I was at the meat counter the other day and these meatballs were calling out to me. There is some nostalgia in a meatball and I think it is due in part to all those times singing that old parody,
“On Top of Spaghetti” with the classic line “I lost my poor meatball when somebody sneezed”. For days I was visualizing our beautiful meal of spaghetti and meatballs and perhaps romanticizing it to resemble an ordinary Italian lunch, or at least one that I imagined. At the farmers market that Saturday I bought a passel of tomatoes so I could create my own tomato sauce, to put on these mouth-watering meatballs.
So, that Monday afternoon spaghetti and meatballs were the plan, after my husband got off work and before I had to go to work. I was ready. Meatballs ready-check. Pasta-check. Sauce-check. Sounded simple and easy. Before I started this foray into cooking the meaty balls, I casually flipped through the net looking for cooking instructions – and flipped is the right word because I did not digest the instructions properly. I just saw a picture of meatballs on a skillet and decided to cook them that way; for whatever reason I had it in mind that cooking items in the oven takes longer than on the stove top, a woeful misapprehension.
In the meatballs went, into a skillet with some oil. I let them cook for ten minutes or so and they were sticking to the pan and not cooking fast enough; so, I put them in a pot with the sauce and put a lid on them for another fifteen plus minutes. The sauce is boiling too long in my opinion, now I am stressing out, so I moved the meatballs to another pan to cook them. It has been thirty plus minutes and those meatballs are still reddish pink in the middle. While my balls-’o-meat were hanging out undercooked in the pan, I emptied my pot of noodles to find that half of them clumped together. I was so sad and disappointed that I screamed and cried. My dream lunch was ruined. Time is ticking and I need to get to work, and those meatballs were still not cooked, so I broke them up into smaller pieces resembling their pre-round shape. My husband came to the rescue and made more pasta and complimented me on my homemade sauce.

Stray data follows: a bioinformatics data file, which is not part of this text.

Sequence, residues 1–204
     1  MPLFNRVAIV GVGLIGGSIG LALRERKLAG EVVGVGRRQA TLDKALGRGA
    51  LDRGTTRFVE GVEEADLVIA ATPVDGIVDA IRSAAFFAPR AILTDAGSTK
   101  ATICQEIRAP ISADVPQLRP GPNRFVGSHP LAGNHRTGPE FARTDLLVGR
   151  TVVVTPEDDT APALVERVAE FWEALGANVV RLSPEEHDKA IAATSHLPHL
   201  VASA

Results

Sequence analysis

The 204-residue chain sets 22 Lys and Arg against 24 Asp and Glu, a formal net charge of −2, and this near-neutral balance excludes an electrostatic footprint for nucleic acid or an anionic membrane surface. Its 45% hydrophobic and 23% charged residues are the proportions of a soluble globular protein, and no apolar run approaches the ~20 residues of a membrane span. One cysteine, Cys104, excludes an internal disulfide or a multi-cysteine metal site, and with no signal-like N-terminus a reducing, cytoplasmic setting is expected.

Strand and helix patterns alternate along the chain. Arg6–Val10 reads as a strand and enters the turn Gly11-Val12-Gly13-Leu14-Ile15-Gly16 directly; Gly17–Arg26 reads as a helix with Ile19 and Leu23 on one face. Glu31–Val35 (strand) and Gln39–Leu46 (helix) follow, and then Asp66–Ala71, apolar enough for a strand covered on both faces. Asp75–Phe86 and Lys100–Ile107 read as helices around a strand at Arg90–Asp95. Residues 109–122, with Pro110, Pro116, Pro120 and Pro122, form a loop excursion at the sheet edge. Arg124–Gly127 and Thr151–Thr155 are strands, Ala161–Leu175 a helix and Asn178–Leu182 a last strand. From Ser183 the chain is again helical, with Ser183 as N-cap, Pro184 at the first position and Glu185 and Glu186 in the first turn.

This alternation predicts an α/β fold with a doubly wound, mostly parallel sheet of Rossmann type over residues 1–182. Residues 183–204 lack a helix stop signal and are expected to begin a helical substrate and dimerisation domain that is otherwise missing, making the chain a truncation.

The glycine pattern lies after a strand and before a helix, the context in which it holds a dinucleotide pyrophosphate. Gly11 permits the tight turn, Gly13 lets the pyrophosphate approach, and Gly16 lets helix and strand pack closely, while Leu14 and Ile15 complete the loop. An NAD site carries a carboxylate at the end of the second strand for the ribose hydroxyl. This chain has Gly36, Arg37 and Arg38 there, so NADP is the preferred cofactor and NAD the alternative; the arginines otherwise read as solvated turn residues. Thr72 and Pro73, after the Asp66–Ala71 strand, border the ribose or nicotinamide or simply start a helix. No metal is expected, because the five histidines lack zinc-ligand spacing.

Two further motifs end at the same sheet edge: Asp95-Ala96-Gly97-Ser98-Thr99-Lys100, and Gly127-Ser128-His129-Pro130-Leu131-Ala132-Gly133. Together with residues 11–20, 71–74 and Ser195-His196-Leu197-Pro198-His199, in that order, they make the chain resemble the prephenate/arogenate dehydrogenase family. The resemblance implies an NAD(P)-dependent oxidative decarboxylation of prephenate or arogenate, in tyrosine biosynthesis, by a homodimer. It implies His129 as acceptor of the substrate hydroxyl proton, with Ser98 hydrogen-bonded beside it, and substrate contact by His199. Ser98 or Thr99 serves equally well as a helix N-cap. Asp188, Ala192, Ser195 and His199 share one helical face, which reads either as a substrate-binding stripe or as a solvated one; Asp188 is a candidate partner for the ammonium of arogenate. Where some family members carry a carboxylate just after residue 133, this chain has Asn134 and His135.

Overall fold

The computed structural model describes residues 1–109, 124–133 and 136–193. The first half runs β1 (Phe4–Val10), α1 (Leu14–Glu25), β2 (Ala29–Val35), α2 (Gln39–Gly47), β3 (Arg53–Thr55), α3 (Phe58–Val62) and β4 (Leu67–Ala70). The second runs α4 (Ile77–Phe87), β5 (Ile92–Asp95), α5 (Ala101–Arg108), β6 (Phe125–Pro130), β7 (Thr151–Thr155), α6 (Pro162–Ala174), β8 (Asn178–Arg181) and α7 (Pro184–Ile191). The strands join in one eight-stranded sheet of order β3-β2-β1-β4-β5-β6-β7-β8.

This incident brought to me my truths and lessons that I could no longer ignore or fool myself anymore.
- Never cook hungry
- I do not do well with time constraints or pressure-cooking or anything else for that matter
- I do best when everything is already cooked and all we need to do is just heat it up.
- Knowing how long something needs to cook is essential.
- It is important to know if your oven’s temperature is off kilter.
- My perfect cooking scenario is when I cook alone in the morning before anyone is awake and before 8:30, all my meals are made for the day. Doing something different could end with less than desired results.
- Can never force something to cook quicker by willing it to do so, it needs space to be them.
- Read instructions all the way through and not when you are pressed for time.
What is your quintessential cooking scenario? What is keeping you from putting cooking into your schedule and making it a priority? Are there commitments that you could let go of, are they all bringing you joy? Or is there a duck in this process you just don’t like or lost I.e….meal planning, grocery shopping etc…? Please put your answers below in the comment section.
I bought more meatballs and I decided to research the cooking method when I was not rushed. Seems that around 30 minutes or so is the average time to cook them at 400 degrees. The baking method is the one I chose at to experiment with today. In hindsight the thought came to me that when one orders a hamburger at a sit down restaurant the wait person usually asks how you would like your burger cooked. Since meatballs are in many ways just a thicker , rounder hamburger cooking them til they are all dark is not necessary. These turned out with a little pink, I would describe them as medium well. I followed the instructions at Stayathomechef. Yes, I cooked them in the early morning and they turned out beautifully and without any melt downs. It is all about honoring your limits and needs and knowing what those are.